Bless you you are trying so hard for this little pony .. ((((HUGS)))) the people here have given great advice I hope that the vet you have coming out can help some more. Your horses are very pretty.
     
    10-10-2012, 03:56 PM
  #26
Super Moderator
Okan,

It must be very frustrating to deal with all this without someone there, beside you, to help. How very frustrating!

As for killing the horse, it may actual be necessary. If the horse does have laminitis, and the bone inside the hoof has rotated a lot, then the pain will be horrible for the horse, and it may not be something you can fix. We cannot say for sure , yet. But, it is true that if the damage is bad, you may have to consider humanely killing the pony.
     
    10-10-2012, 04:44 PM
  #27
Yearling
OKAN-- please listen to Loosie
If this is affecting more than 1 hoof/nail than chances are your horse has foundered (laminites) and is very painful for a horse. It takes a very long time to recover, some horses take years. Depending on how bad it is you may have to put him down. I would ask your vet to take x-rays of the hoof and ask them to contact a horse vet. This is very serious !

If your horse is favoring 1 hoof/nail than it is possible its an abcess and should be soaked with warm water and epsom salts. An abcess is very common.

Please have your vet contact a horse vet to consult.

Glad your putting your horses on horse feed (hay) is very important- no mold or dust.
     
    10-10-2012, 05:17 PM
  #28
Foal
I make the horse barn floor good. Put lots of hay on floor. Tonight I give him horse food. He lie on now hays. Tomorrow vet will come. And new nail man will be here. I clean fronth legs nails bottom again. I touch nails they are cold. But legs are little hot. 4 of them. I wait tomorrow.
Thanks for all your help.

I will get in touch with you guys

Thank you
     
    10-10-2012, 05:46 PM
  #29
Started
Quote:
Originally Posted by okan    
Second vet says it can be hoof inflammation. I have no clue what it is
Hoof inflammation may just be another name for laminitis.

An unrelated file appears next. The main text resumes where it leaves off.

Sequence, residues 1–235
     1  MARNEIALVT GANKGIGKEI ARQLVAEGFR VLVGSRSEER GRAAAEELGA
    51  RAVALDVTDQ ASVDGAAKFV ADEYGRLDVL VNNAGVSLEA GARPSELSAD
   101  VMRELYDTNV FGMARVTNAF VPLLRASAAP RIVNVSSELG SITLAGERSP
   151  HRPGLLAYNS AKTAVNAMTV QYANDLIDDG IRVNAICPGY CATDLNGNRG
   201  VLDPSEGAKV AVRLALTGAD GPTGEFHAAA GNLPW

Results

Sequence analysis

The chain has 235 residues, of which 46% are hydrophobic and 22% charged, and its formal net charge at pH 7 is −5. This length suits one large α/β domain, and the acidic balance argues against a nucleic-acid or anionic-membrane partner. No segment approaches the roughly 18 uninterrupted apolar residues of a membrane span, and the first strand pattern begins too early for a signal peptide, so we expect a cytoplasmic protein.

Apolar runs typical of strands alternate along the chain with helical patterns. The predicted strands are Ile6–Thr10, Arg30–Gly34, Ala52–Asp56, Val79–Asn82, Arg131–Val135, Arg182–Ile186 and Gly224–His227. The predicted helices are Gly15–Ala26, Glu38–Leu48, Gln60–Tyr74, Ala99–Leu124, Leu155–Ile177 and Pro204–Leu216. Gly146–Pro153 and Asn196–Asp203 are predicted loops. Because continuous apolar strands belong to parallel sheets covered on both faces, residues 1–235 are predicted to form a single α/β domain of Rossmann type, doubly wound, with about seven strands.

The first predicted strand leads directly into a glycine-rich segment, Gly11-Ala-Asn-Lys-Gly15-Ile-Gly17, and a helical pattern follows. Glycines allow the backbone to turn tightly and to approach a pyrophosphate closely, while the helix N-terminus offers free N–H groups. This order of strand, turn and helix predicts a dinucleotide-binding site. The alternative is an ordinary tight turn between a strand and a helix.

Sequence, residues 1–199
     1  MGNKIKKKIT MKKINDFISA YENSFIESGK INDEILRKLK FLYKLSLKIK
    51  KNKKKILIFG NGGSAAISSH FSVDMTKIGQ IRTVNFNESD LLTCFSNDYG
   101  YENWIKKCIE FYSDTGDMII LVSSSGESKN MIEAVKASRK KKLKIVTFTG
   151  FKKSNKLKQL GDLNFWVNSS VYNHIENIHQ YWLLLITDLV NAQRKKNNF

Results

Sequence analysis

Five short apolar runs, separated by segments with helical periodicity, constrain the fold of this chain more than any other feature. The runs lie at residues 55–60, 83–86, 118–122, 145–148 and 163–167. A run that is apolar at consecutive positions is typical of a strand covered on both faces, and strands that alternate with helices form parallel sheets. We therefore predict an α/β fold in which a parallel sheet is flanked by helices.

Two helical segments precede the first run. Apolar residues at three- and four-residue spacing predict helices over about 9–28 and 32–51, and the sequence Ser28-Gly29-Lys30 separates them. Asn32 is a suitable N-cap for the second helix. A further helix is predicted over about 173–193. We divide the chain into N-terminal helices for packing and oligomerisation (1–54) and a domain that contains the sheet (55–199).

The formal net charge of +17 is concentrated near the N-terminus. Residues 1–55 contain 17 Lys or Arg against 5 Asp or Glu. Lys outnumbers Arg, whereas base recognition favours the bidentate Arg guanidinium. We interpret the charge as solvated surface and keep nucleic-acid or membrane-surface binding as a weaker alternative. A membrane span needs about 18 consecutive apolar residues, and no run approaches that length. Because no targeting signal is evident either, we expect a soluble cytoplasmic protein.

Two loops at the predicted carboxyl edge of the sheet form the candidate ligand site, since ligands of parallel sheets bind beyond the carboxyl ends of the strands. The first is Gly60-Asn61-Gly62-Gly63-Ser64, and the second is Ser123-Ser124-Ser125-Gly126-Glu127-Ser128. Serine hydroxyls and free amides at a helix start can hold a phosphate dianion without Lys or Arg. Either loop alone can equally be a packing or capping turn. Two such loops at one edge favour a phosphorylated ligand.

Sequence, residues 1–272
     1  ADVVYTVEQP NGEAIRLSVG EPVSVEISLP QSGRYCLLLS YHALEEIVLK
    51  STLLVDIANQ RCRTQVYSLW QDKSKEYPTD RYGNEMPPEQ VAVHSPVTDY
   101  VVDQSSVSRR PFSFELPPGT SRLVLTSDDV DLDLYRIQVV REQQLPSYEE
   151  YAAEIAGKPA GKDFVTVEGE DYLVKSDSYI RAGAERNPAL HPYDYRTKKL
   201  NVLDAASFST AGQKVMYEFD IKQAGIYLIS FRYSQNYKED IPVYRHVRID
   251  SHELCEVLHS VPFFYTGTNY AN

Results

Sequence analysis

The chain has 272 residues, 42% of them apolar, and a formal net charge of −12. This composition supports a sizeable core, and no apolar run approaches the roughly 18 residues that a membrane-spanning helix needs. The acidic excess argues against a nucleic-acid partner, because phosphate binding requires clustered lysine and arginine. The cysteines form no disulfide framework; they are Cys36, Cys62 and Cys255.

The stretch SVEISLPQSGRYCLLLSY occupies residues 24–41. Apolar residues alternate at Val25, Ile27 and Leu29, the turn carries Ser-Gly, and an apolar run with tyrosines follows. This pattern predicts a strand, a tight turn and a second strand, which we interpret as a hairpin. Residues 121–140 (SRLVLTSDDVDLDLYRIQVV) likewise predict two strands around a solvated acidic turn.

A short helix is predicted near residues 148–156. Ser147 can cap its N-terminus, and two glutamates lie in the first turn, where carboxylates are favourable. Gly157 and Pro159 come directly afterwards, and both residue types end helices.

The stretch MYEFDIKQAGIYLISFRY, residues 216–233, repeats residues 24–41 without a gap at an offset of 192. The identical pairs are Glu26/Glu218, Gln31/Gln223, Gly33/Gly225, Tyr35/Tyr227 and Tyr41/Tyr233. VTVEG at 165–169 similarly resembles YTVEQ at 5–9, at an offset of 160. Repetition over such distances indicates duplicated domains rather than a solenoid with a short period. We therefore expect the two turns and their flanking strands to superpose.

10-11-2012, 12:43 AM
  #30
Trained
Okan, I first have to say you sound like a very caring owner, trying very hard to do what you can for your horse in a VERY difficult situation.

Quote:
Originally Posted by okan    
5-I speak with nail man and he will come to me so I can show him what you say me and we discuss what we will do.
Great. If you could post some good hoof pictures, I could give you some more specific suggestions to discuss with him... but not sure I can do that by tomorrow(depends, I think your 'tomorrow' is later than mine!) - got to go to work again shortly & it's my daughter's birthday... I'll do it as soon as possible when I see your pics though.

Quote:
6- I speak with the vet that seen the horse before and he said when he checked it it was not laminitis and it was tendon swelling. I tell him to come and check again gues the answer. He is bussy these days and tomorrow the weather will be raining. I tell him what I guess is laminitis. He said if laminitis we should kill the horse
The horse may have tendon swelling too, but I am sure it is chronic laminitis/founder that is the major problem. Unfortunately until recent years it was common for even experienced horse vets to consider the condition 'incureable' so yes, killing the horse was the most humane option. These days however, it is common for even very severe cases such as it seems yours is, to be cured. *BUT as I said before, it depends and you may well have to consider that option.